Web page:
How do you get rid of bed bugs? It appears that carefully choosing the colors of the bed sheets you use may help you avoid these blood-sucking insects.

In a new study published in the Journal of Medical Entomology on April 25, researchers have found that bed bugs have favorite colors. The insects appear to prefer taking shelter in black and red materials, and they appear to be repulsed by the colors green, yellow and white.

Study researcher Corraine McNeill, from the Union College in Lincoln, Nebraska, said that the color preferences of bed bugs develop as they age.

Young bed bugs do not have very developed eyes ,which explains why they do not seem to have distinct color preferences. The closer these insects get to adulthood, however, the more they seem to get increasingly drawn to red and black.

For the study, McNeill and colleagues placed tiny tent-like harborages, or shelters, with different colors in a petri dish and observed that the bed bug in the dish preferred to hide in the red and black harborages, suggesting that bed bugs do not just go anywhere to hide as previously believed.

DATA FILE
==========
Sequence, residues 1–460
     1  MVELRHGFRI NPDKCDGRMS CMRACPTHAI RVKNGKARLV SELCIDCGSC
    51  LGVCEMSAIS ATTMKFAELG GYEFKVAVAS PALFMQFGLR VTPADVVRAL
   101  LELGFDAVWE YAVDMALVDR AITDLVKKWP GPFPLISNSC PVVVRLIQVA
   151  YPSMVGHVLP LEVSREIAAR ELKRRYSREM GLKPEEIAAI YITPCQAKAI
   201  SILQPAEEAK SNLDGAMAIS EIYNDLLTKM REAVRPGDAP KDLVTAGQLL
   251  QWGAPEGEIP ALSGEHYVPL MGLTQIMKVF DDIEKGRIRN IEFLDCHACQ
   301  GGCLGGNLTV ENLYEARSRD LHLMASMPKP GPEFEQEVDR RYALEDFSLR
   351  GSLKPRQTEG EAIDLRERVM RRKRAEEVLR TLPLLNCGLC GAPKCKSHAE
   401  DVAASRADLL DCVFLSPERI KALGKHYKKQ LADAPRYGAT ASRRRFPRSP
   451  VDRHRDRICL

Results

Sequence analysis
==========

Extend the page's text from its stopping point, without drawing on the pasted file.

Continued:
"Red and black harborages (no statistically significant difference was observed between these colors) appear to be the most attractive harborages for a wide range of bed bug life stages, whereas yellow and green harborages appear to be the least attractive for most bed bug life stages," the researchers wrote in their study.

The researchers speculate that the blood-sucking insects are drawn to black because it is a representative of darkness, which these nocturnal creatures naturally seek.

As for red, the researchers said it isn't likely because it has the same color as blood but because it suggests the presence of other bed bugs. The insects are known to gather in groups.

"We originally thought the bed bugs might prefer red because blood is red and that's what they feed on," McNeill said.

"After doing the study, the main reason we think they preferred red colors is because bed bugs themselves appear red, so they go to these harborages because they want to be with other bed bugs, as they are known to exist in aggregations."

The insects do not like green, yellow and white likely because these colors are often found in well-lit and exposed areas.

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